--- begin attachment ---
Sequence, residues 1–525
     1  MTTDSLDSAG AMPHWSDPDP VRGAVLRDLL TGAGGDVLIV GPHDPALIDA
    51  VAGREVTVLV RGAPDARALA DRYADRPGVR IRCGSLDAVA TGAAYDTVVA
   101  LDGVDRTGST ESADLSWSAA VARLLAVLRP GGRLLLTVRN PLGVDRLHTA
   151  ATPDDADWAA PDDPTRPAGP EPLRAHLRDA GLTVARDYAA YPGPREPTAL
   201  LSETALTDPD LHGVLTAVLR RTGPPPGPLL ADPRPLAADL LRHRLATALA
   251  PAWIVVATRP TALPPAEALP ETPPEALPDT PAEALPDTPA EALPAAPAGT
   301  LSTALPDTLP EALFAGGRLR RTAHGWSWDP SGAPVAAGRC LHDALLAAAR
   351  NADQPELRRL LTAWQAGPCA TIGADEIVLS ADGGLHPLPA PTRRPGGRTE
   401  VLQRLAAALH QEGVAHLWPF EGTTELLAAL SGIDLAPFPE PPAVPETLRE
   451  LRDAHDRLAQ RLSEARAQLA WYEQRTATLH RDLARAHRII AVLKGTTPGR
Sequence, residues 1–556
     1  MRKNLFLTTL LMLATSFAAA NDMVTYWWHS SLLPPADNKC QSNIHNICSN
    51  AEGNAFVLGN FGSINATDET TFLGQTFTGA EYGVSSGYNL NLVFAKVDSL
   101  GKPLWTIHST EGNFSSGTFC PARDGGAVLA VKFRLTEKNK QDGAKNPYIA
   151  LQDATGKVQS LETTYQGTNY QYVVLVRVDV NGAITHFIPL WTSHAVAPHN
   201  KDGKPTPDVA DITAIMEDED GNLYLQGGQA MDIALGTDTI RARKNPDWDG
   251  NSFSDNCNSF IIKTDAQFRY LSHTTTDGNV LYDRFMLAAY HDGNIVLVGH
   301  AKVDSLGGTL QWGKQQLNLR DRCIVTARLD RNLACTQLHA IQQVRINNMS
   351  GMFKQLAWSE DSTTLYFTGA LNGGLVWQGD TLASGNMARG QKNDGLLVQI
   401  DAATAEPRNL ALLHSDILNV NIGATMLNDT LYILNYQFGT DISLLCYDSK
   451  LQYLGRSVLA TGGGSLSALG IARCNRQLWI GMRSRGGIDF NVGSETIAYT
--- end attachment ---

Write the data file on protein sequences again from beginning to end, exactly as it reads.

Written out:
Sequence, residues 1–525
     1  MTTDSLDSAG AMPHWSDPDP VRGAVLRDLL TGAGGDVLIV GPHDPALIDA
    51  VAGREVTVLV RGAPDARALA DRYADRPGVR IRCGSLDAVA TGAAYDTVVA
   101  LDGVDRTGST ESADLSWSAA VARLLAVLRP GGRLLLTVRN PLGVDRLHTA
   151  ATPDDADWAA PDDPTRPAGP EPLRAHLRDA GLTVARDYAA YPGPREPTAL
   201  LSETALTDPD LHGVLTAVLR RTGPPPGPLL ADPRPLAADL LRHRLATALA
   251  PAWIVVATRP TALPPAEALP ETPPEALPDT PAEALPDTPA EALPAAPAGT
   301  LSTALPDTLP EALFAGGRLR RTAHGWSWDP SGAPVAAGRC LHDALLAAAR
   351  NADQPELRRL LTAWQAGPCA TIGADEIVLS ADGGLHPLPA PTRRPGGRTE
   401  VLQRLAAALH QEGVAHLWPF EGTTELLAAL SGIDLAPFPE PPAVPETLRE
   451  LRDAHDRLAQ RLSEARAQLA WYEQRTATLH RDLARAHRII AVLKGTTPGR
Sequence, residues 1–556
     1  MRKNLFLTTL LMLATSFAAA NDMVTYWWHS SLLPPADNKC QSNIHNICSN
    51  AEGNAFVLGN FGSINATDET TFLGQTFTGA EYGVSSGYNL NLVFAKVDSL
   101  GKPLWTIHST EGNFSSGTFC PARDGGAVLA VKFRLTEKNK QDGAKNPYIA
   151  LQDATGKVQS LETTYQGTNY QYVVLVRVDV NGAITHFIPL WTSHAVAPHN
   201  KDGKPTPDVA DITAIMEDED GNLYLQGGQA MDIALGTDTI RARKNPDWDG
   251  NSFSDNCNSF IIKTDAQFRY LSHTTTDGNV LYDRFMLAAY HDGNIVLVGH
   301  AKVDSLGGTL QWGKQQLNLR DRCIVTARLD RNLACTQLHA IQQVRINNMS
   351  GMFKQLAWSE DSTTLYFTGA LNGGLVWQGD TLASGNMARG QKNDGLLVQI
   401  DAATAEPRNL ALLHSDILNV NIGATMLNDT LYILNYQFGT DISLLCYDSK
   451  LQYLGRSVLA TGGGSLSALG IARCNRQLWI GMRSRGGIDF NVGSETIAYT